Maul ShoppingBy Dianelaneyfitzpatrick
I went with a carload of friends and relatives to Sawgrass Mills Mall - my first visit to the legendary outlet-heavy shopping mecca of South Florida. Wikipedia says it’s the sixth largest mall in the country. Which means it’s like the Phoenix of shopping malls (or Philadelphia, depending on who’s winning that race today . . . Oh wait, some crazy Arizonan just left the door unlocked and one of his wives escaped; Philly takes it.)
Sixth largest? Really? That means there are five other malls in this country that are larger? I’m having a hard time with that.
The largest mall in the country is the King of Prussia Mall in Pennsylvania. The Mall of America in Minnesota is #2, but it has the most stores with 522. I’m wondering if they counted the kiosks.
And speaking of kiosks, the wandering minstrels that walk around the Sawgrass Mills Mall selling their wares and trying to run hand cream down our pores rank No. 1 in being obnoxious.
Attention wandering minstrels: Report back to your kiosks immediately. Look at yourself in those little mirrors you have and write in lipstick 100 times: I will not accost innocent people and say things that make them feel unattractive and make them wish they had gone to Walmart instead.
One wandering minstrel hijacked my daughter’s shopping experience and kept lowering the price of a fingernail treatment until my previously nice daughter said, “I don’t want it” whereupon the minstrel got snippy and mean.
And when I tried to politely ignore one, he turned to his partner and said: “She’s from Canada.” (Is that bad? Canadian friends, please spill it: Do you people part with your dollars less often than we do?)
I’m thinking the freedom to venture away from the cash register and stool to try to drum up sales with nationality insults is one of the advantages of having a kiosk instead of a real store in a mall. There must be a radius limit, though, because the minstrels won’t come running after you, no matter how close they are to making the sale. If you keep walking, they’ll eventually step back inside the invisible line and try someone closer.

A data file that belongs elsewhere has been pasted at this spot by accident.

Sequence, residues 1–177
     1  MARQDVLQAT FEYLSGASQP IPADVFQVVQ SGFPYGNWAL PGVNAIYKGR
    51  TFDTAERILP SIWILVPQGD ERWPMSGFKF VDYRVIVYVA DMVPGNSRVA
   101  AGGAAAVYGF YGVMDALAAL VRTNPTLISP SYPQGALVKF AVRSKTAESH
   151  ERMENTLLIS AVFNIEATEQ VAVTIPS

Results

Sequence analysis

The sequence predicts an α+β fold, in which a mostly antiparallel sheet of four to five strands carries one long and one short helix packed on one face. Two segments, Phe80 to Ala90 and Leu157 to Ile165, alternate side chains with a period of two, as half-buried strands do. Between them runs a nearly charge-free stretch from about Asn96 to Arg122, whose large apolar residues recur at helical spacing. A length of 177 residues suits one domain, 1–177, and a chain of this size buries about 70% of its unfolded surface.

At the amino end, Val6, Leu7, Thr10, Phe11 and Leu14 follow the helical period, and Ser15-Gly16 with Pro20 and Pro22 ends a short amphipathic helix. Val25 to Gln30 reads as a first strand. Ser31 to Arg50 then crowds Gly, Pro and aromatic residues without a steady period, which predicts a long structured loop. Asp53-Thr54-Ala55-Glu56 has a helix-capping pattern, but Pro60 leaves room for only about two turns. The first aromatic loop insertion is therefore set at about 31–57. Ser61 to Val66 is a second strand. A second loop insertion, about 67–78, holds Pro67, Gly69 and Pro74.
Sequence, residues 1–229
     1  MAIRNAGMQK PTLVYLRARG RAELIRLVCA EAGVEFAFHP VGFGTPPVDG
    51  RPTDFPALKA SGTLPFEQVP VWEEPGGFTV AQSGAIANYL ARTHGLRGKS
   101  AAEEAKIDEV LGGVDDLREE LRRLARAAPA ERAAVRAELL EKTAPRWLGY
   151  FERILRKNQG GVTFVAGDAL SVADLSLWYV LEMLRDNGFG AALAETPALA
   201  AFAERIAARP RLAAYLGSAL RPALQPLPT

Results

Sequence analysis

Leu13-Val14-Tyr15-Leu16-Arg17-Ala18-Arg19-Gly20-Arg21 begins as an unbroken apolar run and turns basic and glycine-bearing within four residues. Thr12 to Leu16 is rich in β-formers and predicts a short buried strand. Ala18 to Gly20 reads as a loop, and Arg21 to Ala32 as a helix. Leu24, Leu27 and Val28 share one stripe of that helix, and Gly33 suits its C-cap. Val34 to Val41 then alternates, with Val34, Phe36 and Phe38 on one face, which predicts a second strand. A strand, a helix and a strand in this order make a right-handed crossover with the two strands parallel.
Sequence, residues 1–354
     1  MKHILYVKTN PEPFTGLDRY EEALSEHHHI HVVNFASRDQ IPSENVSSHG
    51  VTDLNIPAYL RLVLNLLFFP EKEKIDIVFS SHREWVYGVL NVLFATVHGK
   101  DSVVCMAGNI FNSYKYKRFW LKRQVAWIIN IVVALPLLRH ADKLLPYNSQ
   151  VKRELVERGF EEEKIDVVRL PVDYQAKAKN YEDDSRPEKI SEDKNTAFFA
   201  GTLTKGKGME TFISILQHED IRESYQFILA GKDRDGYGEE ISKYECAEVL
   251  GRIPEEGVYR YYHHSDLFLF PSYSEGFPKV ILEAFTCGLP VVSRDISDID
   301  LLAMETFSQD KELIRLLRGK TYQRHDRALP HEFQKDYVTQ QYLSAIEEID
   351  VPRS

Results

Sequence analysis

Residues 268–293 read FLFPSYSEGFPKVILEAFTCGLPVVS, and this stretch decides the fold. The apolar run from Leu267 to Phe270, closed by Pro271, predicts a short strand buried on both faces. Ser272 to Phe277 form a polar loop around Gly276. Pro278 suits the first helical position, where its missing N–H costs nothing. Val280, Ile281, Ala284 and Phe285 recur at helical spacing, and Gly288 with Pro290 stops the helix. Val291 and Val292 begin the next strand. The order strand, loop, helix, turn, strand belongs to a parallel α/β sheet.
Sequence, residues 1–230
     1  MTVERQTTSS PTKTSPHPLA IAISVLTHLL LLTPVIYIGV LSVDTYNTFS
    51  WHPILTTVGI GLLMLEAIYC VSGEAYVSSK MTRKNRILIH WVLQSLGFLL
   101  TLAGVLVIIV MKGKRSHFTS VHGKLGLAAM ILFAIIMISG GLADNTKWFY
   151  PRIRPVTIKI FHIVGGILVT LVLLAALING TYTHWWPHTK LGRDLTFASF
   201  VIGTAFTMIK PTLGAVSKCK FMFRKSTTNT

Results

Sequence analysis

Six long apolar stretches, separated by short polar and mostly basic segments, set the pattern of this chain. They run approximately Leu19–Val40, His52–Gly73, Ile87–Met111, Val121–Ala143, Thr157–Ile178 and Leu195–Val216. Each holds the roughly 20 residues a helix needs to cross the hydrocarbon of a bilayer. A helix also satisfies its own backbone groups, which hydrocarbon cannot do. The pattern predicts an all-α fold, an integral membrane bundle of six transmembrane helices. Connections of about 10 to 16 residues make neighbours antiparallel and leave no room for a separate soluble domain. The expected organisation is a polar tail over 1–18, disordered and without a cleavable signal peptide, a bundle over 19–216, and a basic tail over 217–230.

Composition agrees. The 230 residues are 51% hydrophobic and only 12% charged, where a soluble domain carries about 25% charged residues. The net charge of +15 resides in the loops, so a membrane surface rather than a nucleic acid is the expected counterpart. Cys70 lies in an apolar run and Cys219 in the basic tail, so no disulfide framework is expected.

At home in our regular mall, when trying to avoid them, I just put my phone up to my ear and carry on an imaginary conversation. It keeps them away like a garlic necklace. I am clever and witty and a sparkling conversationalists in those pretend phone calls. Sometimes I get so wrapped up in my call, I have to hover outside Macy’s and finish talking before I go in.
But at Sawgrass, I was with other people, so a phone call to my imaginary friend would have to wait. I had to fend off the kiosk minstrels with my bare hands and an Ann Taylor Factory Store shopping bag weighted down with a chunky necklace.
This mall is so big, it took us 20 minutes to walk from the end of Avenue 1, home of Bare Feet Shoes, to the far end of Avenue 4, where the Lids store was. Before you think that this mall was organized in order of where you would put things onto your body, no; it was organized by making a list of every possible thing you could ever want to buy and then putting the list through a paper shredder and then feeding the scraps into the central air conditioning vent. Where they landed the racks were set up and stuff was sold. There are five sunglasses stores. There are two Elegance Perfume stores, one on each end. There are 15 stores that sell athletic shoes.
For you hardcore shoppers out there, this might be kid’s stuff, but for me, it was all so overwhelming. I just kept thinking back to the days when I would take my kids school clothes shopping and they would whine that they couldn’t find anything. If we had lived near the nation’s sixth largest mall, I would have just parked myself at one of the Cinnabons and sent the kids off to shop with the order: Don’t come back until you’ve got five outfits or a part-time job at a kiosk.
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